By Rajeev Khanna
GANDHINAGAR: Finally, there seem to be some serious efforts in saving the Great Indian Bustard that is on the brink of extinction.
A conservation and breeding centre for the bird is all set to be established in Kutch.
Sources said that the project is being finalized as a joint initiative between the Central and the state governments. "The Centre came up with the offer for setting up the centre in Kutch to which we have given our consent," said a senior official of the forest department.
The Great Indian Bustard is categorized as a critically endangered species of the birds that is on the verge of extinction. "Its number in Gujarat was 48 in the census that was carried out in 2007. The bird is also sighted in patches of Andhra Pradesh, Rajasthan, Karnataka and Maharashtra and Rajasthan accounts for almost 50 per cent of its population in the country while Gujarat houses their second highest number," said Devesh Gadhvi, an expert working with Kutch Ecological Research Centre.
"The model for the conservation and breeding centre being worked out is that the centre funds 75 per cent of the project while we arrange for the remaining 25 per cent. We are going to make special budgetary provisions for it in the state budget that will be presented soon," said the forest department official.
He disclosed that a meeting was held in Gandhinagar last month to draw a recovery plan of the Great Indian Bustard in which experts from all over the country participated including those from Wildlife Institute in Dehradun and some retired officials of the central government.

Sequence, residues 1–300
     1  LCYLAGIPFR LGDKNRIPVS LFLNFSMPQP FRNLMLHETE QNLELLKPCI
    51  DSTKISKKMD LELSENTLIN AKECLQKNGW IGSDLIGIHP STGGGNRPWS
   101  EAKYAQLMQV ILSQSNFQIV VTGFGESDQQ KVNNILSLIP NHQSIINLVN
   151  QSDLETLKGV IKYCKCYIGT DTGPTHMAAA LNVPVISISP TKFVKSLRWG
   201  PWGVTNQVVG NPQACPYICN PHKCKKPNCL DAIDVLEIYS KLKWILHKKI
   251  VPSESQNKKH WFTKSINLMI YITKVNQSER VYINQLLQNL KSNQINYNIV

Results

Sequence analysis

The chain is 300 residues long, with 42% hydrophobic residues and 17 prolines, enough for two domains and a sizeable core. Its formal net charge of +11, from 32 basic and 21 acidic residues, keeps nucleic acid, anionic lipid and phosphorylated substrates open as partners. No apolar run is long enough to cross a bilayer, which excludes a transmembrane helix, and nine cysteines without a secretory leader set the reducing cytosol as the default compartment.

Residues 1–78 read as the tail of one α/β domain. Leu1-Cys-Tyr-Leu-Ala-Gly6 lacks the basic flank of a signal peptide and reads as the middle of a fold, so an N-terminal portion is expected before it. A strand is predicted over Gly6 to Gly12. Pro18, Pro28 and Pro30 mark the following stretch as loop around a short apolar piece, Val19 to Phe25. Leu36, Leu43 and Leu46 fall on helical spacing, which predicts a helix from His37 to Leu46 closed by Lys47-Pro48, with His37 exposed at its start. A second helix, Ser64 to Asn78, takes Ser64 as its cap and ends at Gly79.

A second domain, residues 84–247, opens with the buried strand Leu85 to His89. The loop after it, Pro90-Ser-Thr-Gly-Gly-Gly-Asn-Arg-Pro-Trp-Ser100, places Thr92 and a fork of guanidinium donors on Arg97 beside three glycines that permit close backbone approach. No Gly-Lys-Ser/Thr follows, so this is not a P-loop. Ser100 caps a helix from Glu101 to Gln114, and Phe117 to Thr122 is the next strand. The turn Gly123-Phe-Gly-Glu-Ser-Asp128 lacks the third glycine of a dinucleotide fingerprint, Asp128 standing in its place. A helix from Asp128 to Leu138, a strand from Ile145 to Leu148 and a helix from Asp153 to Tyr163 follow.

"Once the project is finalized, it will just take around six months to put in place the required infrastructure. But scientific studies and analysis for its conservation are going to take some time," said the official.
There is a small Kutch Bustard Sanctuary in place near Jakhau in Naliya taluka of the district and it is spread over just 2.2 sq km. Its spread over a greater area is being envisaged.
Experts say that the distribution range of Great Indian Bustard is around 1,000 sq km while its core area is 150 sq km to 200 sq km. The sanctuary should be spread at least over 40 sq km to 50 sq km.
"There is no need for curbing any community activities in the sanctuary as this is an agro-pastoral bird. All that needs to be ensured is that the activities are carried out in a Bustard friendly manner," said Gadhvi.